In American public opinion, support for trade agreements such as the WTO and NAFTA is low. For example, a March 2016 Bloomberg Politics poll showed that 65% of respondents felt that the U.S. should have more import restrictions, while only 22% think there should be fewer restrictions. And a June 2015 CNBC poll showed that 50% of respondents think our trade agreements have more drawbacks than benefits, and only 42% think there are more benefits.  Two years later, in June 1990, U.S. President George H.W. Bush announced the Enterprise for the Americas initiative, which provided for a possible free trade agreement from Anchorage to Tierra del Fuego. The objectives of these negotiations were based on both foreign and trade policy considerations. From a trade perspective, the U.S. Free Trade Area (CTA) would open up important markets, including Brazil and Argentina. From a foreign policy perspective, it was anticipated that a free trade agreement would promote stability and democracy in the Southern Islands of the United States.
Regional trade agreements (RTA) around the world have multiplied since the early 1990s. Many members of the World Trade Organization (WTO) focus on regional or bilateral free trade agreements as a key component of their foreign and trade policy1. Mexico is a member of the WTO, which allows members to conclude regional trade integration agreements under certain conditions set by specific WTO rules2 Within the administration, the President defines the general parameters of the U.S. approach to trade policy, including the negotiation of trade agreements, within the constraints imposed by his legislative mandate. Until 1963, the Department of Foreign Affairs was the most important authority responsible for the management of trade policy under the leadership of the President. However, under pressure from Congress, President Kennedy created a new office of the Special Representative for Trade (STR) at the White House. At the time, Congress believed that the State Department was not paying enough attention to U.S. business interests. The intention of the new office was to have a balance between American trade, foreign policy and other interests.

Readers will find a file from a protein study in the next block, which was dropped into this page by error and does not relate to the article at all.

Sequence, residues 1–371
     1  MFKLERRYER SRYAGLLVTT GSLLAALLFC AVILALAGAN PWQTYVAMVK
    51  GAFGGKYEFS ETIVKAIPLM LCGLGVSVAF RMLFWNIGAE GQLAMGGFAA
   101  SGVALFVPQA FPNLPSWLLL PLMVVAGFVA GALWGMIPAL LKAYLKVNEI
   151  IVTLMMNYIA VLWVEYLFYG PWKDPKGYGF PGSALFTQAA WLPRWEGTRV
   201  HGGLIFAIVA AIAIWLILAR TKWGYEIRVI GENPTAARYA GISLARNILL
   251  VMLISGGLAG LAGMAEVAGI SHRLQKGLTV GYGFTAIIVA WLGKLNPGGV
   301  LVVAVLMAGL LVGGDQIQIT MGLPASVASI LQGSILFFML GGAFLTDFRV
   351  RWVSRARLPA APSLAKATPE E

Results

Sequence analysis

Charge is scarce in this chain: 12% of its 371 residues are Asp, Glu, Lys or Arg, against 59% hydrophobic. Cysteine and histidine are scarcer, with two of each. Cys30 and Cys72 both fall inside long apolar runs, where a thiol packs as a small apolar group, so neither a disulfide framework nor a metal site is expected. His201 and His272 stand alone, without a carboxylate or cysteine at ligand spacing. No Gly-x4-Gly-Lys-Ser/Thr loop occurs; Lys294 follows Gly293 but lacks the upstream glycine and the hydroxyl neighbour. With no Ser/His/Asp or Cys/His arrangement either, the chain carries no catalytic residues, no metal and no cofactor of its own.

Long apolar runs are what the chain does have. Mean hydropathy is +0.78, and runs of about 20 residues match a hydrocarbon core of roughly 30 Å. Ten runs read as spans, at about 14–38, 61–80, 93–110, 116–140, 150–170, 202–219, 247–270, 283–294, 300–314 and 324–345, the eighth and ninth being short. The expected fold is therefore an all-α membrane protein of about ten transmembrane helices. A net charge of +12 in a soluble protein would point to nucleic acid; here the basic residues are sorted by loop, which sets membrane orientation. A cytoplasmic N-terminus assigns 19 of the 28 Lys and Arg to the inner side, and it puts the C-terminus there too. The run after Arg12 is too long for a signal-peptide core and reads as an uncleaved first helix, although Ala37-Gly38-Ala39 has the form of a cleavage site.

Congress delayed the adoption of agreements with South Korea, Colombia and Panama by several years, forcing the government to go back and negotiate some amendments to those agreements. The reality is that some important parts of the private sector must aggressively and effectively campaign for the approval of the agreement and minimize the resistance of important segments if the agreement is to be approved by Congress. Based on the kennedy Round experience, in which Congress refused to adopt an element of the negotiated package, the U.S. trading partners had made it clear that they would not enter into negotiations unless the United States gave better guarantees that the whole package would be adopted.